DETROIT -- Michigan state agencies won't immediately recognize hundreds of same-sex marriages that were performed in the hours before an appeals court put on hold a judge's ruling that tossed out a state ban on gay marriage, the governor's office said Sunday.
About 300 couples wed Saturday in four Michigan counties before a federal appeals court placed a stay on a Detroit federal judge's decision overturning the state's 2004 constitutional ban on same-sex marriage.
The decision blocks the state's county clerks from issuing new same-sex marriage licenses until the 6th U.S. Circuit Court of Appeals decides whether to extend the stay. That's expected no sooner than Wednesday.
Until then, state agencies face the challenge of whether to recognize same-sex marriages performed Saturday.
"The governor and administration are not weighing in on these issues at this point," Gov. Rick Snyder spokeswoman Sarah Wurfel said Sunday.
Asked if that would prevent, for example, a newlywed gay couple from applying for adoption of children on Monday, Wurfel said that Snyder's office considers everything to be on hold for now.
"The order is stayed (at least until Wednesday)," Wurfel wrote in the email, and so the "issue is moot at this point until resolved."
Besides adoption, Snyder's policy could block those couples from applying for tax and other state benefits available to married couples in Michigan.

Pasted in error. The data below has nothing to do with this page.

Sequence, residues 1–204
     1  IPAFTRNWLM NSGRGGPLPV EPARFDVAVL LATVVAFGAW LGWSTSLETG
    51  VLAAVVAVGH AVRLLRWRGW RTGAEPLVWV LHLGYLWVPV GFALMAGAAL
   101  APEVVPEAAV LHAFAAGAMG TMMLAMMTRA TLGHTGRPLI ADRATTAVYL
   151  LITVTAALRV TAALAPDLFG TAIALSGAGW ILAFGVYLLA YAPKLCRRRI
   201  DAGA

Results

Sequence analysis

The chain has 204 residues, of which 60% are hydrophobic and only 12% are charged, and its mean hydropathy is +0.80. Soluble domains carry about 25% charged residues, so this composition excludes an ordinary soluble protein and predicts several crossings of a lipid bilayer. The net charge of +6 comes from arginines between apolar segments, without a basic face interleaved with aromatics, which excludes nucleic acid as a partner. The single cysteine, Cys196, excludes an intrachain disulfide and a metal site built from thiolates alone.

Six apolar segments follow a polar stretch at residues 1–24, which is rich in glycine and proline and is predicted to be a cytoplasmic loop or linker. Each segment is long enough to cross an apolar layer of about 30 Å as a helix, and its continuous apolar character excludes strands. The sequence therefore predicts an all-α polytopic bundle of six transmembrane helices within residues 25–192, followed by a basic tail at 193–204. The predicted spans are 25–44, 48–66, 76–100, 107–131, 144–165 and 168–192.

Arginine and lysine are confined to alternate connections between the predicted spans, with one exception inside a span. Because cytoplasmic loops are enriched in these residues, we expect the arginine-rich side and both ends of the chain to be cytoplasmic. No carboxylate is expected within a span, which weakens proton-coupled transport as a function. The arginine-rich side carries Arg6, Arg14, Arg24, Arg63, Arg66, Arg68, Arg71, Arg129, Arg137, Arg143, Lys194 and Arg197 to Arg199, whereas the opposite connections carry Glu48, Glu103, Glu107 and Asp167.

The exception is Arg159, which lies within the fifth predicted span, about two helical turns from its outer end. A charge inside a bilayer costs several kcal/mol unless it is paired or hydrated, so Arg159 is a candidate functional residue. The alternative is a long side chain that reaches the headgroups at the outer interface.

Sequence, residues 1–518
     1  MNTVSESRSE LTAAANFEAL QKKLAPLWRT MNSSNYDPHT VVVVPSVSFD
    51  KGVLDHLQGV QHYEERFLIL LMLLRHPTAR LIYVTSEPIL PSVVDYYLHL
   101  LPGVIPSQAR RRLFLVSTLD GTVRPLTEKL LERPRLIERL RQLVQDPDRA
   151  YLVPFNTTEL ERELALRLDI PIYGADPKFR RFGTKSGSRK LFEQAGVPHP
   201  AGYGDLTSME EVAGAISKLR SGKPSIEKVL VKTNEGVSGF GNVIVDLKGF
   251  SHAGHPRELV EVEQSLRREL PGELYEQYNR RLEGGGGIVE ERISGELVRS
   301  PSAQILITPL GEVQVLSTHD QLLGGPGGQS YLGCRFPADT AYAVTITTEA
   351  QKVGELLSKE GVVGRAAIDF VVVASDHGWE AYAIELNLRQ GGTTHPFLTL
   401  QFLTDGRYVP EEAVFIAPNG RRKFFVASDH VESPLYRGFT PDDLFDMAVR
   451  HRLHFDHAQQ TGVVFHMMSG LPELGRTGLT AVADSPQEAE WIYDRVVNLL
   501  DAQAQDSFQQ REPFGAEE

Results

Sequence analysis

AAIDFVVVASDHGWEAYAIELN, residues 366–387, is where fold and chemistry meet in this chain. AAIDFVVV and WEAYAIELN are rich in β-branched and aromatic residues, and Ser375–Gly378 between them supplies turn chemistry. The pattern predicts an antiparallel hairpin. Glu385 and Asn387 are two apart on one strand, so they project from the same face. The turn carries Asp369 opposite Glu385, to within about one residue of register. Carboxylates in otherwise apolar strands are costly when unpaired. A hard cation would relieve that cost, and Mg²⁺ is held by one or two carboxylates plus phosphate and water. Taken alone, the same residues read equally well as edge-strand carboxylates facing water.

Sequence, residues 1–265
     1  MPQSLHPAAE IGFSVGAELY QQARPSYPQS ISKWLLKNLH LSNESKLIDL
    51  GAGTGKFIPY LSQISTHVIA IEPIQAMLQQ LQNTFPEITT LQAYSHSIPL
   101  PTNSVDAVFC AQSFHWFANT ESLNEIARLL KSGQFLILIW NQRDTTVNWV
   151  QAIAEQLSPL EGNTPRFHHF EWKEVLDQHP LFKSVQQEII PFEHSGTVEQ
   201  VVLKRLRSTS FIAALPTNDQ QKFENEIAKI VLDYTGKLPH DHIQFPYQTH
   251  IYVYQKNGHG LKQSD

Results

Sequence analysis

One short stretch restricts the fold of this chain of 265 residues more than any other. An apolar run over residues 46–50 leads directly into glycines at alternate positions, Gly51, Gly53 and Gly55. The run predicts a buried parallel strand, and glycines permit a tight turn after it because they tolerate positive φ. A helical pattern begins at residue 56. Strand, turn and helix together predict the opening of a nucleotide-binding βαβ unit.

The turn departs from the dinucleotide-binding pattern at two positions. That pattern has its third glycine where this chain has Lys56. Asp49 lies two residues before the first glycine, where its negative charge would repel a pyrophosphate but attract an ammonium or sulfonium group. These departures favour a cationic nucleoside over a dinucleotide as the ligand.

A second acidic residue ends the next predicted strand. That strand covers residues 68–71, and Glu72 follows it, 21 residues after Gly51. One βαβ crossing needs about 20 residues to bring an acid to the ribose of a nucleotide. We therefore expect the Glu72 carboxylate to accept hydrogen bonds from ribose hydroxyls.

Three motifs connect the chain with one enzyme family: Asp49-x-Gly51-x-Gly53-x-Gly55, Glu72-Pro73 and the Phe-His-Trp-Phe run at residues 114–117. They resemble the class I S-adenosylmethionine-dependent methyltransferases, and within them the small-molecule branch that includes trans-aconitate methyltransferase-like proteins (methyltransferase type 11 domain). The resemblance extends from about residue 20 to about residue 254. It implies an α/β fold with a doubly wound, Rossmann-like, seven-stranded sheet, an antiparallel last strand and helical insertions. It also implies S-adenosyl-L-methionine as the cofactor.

On Friday, U.S. District Judge Bernard Friedman ruled that a 2004 voter-approved amendment to the Michigan Constitution that limited marriage to opposite-sex couples violated the U.S. Constitution's right of equal protection under the law.
On Saturday, clerks in Ingham, Oakland, Muskegon and Washtenaw counties opened their doors and began issuing marriage licenses to same-sex couples. Michigan has 83 counties.
Later Saturday, the 6th Circuit froze the decision, saying the time-out will "allow a more reasoned consideration" of the state's request to stop same-sex marriages.
The appeals court acted on a request from Michigan Attorney General Bill Schuette, who defended Michigan's same-sex marriage ban against a challenge from two suburban-Detroit women seeking the right to adopt each other's children.